Large unvaccinated populations around the world represent fertile breeding grounds for the emergence of new and dangerous variants that could someday march back across the world, impervious to current vaccine solutions, resulting in resurgent hospitalizations and deaths, and fresh economic devastation.
A scalable vaccine that can be produced faster and cheaper, and that can be quickly distributed in underserved areas is critical to avoiding this outcome. DYAI offers one potential solution to that problem.
The Next Step
As noted in DYAI’s most recent release, the World Health Organization recently stated, “there are currently fewer than 10 African manufacturers with vaccine production capacity based in 5 countries with no immediate readiness to repurpose facilities for large scale production in the event of an emergency.”
“The need to quickly acquire and commercialize technology and manufacturing capabilities, which addresses the infrastructure necessary to deploy vaccinations for broad populations affordably and timeously has never been a more strategic imperative of African nations than today,” said Shabir Madhi, professor of vaccinology, Dean Faculty of Health Sciences at the University of the Witwatersrand, Johannesburg, who is leading COVID-19 vaccine trials in South Africa. Professor Madhi continued, “We expect that the high yields and low costs of the C1 cell line have the potential to provide affordable solutions for multiple diseases that African countries are likely to benefit from.”
The deal between Dyadic International, Inc. (NASDAQ:DYAI) and Rubic is a key piece of the puzzle.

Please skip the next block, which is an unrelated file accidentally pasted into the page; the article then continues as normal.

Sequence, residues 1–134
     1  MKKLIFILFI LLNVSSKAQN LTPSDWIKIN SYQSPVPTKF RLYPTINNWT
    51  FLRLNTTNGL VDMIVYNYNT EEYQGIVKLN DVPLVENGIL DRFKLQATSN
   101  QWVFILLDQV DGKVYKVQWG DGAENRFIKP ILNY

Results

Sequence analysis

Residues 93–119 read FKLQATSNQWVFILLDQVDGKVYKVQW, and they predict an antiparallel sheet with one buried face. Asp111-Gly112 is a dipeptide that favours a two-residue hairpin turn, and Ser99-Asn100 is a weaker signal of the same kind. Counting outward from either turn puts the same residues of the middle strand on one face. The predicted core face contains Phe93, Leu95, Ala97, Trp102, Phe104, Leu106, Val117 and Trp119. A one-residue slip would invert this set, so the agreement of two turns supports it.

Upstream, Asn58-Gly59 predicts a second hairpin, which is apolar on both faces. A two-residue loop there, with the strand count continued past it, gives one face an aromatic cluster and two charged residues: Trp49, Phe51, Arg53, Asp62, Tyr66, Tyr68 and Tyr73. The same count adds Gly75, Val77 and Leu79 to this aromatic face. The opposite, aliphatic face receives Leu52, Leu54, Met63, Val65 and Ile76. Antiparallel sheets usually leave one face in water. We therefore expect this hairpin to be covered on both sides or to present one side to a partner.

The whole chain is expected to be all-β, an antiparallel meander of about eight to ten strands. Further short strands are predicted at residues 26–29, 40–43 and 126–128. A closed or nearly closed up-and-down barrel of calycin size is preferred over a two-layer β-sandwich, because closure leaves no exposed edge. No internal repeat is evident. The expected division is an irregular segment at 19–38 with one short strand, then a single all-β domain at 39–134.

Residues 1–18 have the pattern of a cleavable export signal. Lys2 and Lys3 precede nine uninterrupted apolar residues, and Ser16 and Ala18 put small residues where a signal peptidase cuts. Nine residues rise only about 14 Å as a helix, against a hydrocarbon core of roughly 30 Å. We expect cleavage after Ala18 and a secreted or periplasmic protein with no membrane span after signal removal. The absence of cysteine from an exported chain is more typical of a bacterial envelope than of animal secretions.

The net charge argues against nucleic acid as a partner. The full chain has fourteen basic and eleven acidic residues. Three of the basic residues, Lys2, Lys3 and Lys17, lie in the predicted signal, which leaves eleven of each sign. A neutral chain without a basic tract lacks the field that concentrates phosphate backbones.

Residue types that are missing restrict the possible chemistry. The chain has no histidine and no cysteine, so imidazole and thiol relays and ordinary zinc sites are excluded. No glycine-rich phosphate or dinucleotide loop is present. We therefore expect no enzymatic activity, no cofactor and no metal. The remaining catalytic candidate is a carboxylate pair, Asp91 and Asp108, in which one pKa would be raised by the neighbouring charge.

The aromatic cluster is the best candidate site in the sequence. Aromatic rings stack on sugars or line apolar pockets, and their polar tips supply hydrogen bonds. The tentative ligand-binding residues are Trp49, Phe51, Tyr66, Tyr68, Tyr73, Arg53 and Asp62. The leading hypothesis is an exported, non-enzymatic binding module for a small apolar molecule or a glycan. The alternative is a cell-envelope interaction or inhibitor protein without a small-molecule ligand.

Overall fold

Rubic was founded by a consortium of public health, medical, academia, vaccine technology, technology transfer and economic sector experts interested in addressing the region’s specific challenges related to vaccine availability and affordability. Overseeing the implementation of the technologies introduced or developed is a team of leading academics directed by the University of the Witwatersrand, Johannesburg (Wits) academic team, with the support of Wits Health Consortium (WHC), a wholly owned company of Wits.
Michael Tarnok Chairman of the Board stated, “Global health professionals have long known of the varying levels of health services available around the world. However, the COVID-19 global pandemic has specifically highlighted the inequities in vaccination rates. We believe that the efficiency and flexibility of the C1 expression system can reduce the cost and increase worldwide access to vaccines and biologic medicines and contribute to improving global health equity. With anticipated clinical successes, together with our collaborators, we expect our C1 manufacturing platform will be positioned to provide affordable COVID-19 immunization to more than 40% of the global population, including significant areas that have been historically underserved. In addition, this collaboration will also prepare Africa for potential new pandemics and help to address multiple other existing disease states. Further, Dyadic is currently in discussions with other countries that may further expand the Company’s global coverage.”